What’s the best way to escape the crowds and find some type of new, authentic experience on Colorado’s over-loved Fourteeners? Spend the night on top and bring a kite.

It’s a long trudge up the 4×4 track to Lake Como—especially in the blazing afternoon sun. Rising 4,000 feet in seven miles, the road is labeled the “roughest in Colorado” and a memorial plaque at the Jaws II crux section serves a testament to the ambition of some four wheelers. “Kind of seems like soloing (climbing rope-less) with a lead weight attached,” my partner Allen observed. From our alien-like encounters passing several jeeps—us gawking, them rocking—it was clear that neither party really understood the point of our respective adventure objectives.

The weather remained perfect into the afternoon as we headed up the 1,400-foot West Ridge Direct route we had chosen for our ascent of Little Bear. The warm setting sun, mostly good rock, and the fact that we had no rope kept us rooted happily in the moment until the route abruptly ended at the slender summit—a conjunction of three lengthy ridges providing little more than a tattered summit register and shallow rock depressions for shelter. It looked like home to me.

Holding a kite in one hand, I teetered along the rocky ridgeline descending from 14,035-foot Little Bear Peak while Allen unrolled a slender spool string attached to our magical toy. Together we counted, “one, two, three,” and I tossed while he pulled. With no room to run, the kite started to fall over the edge. If you want to sleep on top of a 14er so you can beat the crowds to one of the most precipitous and popular traverses in Colorado, you need to bring a kite, right?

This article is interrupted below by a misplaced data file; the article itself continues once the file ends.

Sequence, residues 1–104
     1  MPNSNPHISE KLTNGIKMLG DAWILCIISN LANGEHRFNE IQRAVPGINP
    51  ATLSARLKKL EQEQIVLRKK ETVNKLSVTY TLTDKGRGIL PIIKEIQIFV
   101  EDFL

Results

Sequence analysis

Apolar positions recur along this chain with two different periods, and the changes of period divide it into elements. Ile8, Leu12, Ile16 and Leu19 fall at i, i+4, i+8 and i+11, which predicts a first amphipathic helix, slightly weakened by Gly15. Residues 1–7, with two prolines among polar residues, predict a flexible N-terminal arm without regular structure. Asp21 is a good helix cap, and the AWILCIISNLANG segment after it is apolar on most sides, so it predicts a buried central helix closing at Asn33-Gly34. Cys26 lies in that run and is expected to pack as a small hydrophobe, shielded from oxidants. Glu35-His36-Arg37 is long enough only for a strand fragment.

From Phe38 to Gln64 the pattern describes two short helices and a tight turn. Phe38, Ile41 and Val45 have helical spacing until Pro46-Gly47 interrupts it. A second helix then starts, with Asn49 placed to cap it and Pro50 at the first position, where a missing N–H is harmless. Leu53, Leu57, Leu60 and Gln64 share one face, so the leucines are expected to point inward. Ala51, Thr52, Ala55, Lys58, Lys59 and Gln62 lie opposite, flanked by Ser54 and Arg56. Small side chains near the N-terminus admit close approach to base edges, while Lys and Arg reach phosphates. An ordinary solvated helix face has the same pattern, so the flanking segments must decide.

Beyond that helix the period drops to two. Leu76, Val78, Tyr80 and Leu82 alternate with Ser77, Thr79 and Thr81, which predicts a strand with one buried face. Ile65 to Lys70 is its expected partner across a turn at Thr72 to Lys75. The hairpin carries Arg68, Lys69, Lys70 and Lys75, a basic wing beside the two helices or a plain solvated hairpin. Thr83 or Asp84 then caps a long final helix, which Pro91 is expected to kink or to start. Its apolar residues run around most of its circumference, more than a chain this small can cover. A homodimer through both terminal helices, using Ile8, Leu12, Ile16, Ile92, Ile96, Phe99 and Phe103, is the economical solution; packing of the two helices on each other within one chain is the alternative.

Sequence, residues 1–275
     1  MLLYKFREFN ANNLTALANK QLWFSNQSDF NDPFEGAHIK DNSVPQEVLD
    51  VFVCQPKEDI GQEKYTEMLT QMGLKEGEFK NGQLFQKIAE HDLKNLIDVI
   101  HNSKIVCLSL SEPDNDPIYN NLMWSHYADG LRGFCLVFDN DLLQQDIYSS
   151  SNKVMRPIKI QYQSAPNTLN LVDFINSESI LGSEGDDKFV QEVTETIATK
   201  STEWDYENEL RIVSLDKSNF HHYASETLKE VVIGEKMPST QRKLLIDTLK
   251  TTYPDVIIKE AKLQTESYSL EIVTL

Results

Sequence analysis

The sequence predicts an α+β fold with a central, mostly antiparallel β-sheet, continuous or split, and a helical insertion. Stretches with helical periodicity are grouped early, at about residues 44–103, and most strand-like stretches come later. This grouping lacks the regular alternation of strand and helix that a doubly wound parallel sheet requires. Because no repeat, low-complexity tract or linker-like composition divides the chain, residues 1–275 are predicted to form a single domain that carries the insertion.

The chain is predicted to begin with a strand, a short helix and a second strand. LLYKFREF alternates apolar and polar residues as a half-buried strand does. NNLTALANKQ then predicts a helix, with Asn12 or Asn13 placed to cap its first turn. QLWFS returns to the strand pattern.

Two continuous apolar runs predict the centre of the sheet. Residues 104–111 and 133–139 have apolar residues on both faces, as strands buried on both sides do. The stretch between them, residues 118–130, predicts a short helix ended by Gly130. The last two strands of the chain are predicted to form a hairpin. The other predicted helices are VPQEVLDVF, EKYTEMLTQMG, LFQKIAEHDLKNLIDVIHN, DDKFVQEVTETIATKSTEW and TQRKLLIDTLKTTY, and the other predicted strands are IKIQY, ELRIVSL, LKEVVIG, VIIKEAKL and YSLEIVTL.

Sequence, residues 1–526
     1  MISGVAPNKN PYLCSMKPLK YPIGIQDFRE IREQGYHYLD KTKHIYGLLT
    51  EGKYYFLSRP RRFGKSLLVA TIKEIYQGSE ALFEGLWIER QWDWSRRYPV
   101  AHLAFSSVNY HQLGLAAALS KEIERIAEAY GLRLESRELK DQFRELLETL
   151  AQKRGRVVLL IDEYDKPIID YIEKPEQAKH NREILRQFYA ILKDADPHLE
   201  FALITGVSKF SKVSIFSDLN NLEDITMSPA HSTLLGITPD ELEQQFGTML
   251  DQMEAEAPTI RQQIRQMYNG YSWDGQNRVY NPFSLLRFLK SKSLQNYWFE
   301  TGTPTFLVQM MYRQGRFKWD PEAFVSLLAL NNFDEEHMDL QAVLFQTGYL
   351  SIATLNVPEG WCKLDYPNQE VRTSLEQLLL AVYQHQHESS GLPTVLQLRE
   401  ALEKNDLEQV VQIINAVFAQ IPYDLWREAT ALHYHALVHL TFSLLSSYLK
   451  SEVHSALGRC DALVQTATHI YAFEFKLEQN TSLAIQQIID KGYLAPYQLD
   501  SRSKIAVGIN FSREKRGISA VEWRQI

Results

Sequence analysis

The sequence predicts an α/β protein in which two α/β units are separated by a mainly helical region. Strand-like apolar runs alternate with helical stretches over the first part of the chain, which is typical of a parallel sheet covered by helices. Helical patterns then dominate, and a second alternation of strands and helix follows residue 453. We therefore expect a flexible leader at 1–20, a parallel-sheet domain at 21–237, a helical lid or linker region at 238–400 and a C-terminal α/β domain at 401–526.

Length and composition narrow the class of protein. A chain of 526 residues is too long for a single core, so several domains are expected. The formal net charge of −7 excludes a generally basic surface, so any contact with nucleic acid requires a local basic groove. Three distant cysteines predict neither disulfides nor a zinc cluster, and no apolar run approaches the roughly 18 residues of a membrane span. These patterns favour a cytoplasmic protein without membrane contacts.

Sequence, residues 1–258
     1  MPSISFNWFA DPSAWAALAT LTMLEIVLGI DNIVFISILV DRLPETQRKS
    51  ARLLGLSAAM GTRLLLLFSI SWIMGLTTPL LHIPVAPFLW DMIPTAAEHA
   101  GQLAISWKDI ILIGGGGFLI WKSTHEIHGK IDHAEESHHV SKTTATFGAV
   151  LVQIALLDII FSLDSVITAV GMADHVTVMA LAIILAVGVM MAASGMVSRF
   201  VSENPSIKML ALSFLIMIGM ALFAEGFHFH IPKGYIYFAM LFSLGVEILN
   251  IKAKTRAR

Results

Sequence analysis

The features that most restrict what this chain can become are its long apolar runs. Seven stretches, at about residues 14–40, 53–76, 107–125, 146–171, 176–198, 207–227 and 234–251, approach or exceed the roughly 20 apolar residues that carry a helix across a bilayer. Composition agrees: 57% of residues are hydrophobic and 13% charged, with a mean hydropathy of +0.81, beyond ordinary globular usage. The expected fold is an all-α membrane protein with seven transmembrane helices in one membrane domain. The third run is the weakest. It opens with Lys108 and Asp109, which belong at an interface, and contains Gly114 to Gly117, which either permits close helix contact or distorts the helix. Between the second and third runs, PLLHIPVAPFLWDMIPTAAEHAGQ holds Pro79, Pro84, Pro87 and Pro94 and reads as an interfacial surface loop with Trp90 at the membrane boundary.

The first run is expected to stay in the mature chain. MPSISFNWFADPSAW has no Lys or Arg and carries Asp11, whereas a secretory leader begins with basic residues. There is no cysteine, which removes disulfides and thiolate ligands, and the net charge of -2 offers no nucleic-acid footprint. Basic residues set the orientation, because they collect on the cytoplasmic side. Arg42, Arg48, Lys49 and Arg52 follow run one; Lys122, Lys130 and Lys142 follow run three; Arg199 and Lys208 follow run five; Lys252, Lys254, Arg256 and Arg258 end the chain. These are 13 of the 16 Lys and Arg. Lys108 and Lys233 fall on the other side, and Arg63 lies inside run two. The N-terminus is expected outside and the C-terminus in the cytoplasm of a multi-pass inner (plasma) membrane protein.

Summiting a 14er should be a top priority, a rite of passage for Coloradans (and an increasing number of visitors). Part of the appeal is that there are so many of them and so many ways to enjoy them. While California’s 14,505-foot Mount Whitney is the highest in the lower 48 States, its permit system can be a challenge. Washington’s 14,411-foot Mount Rainier, which has the greatest prominence, or vertical rise, is logistically difficult to climb, with countless crevasses and weeklong rainstorms. Colorado’s 14ers, on the other hand, offer everything from the ability to drive to the top to technical climbing on exposed rock, and they benefit from generally sunny weather and moderate, glacier-free approaches.

The only problem is that accessibility makes them popular: Visit the Longs Peak Trailhead in summer at 3:00 a.m. and you will see more headlamps than a field of fireflies, and on the summit you will fight off a horde of fat marmots queuing for your lunch. You won’t be alone or the fastest or the first. But this popularity can easily be avoided by embracing the individual freedom and creativity that are the foundations of mountain exploration, by climbing them with personal style.

Harken back to your grade-school PE class. The teacher, most likely sporting white-striped Adidas pants and a whistle, is herding everyone onto the track, bellowing, “Run, everybody, run!” The class spreads out around the oval, most barely trotting, except for the fast kids who invariably lap everyone. There’s a moment, when you first hear the fast kids’ pounding feet coming up to pass, that you have a stylistic choice. You can accept the indignity of being really slow, or you might pretend that you are actually in front, racing to the finish line neck-in-neck. If someone took a photograph of this moment, it would corroborate the fantasy. It turns out that being last can sometimes mean being in front.

Allen Riling packing up on the summit of Little Bear, Rio Grande National Forest, Alamosa, Colorado.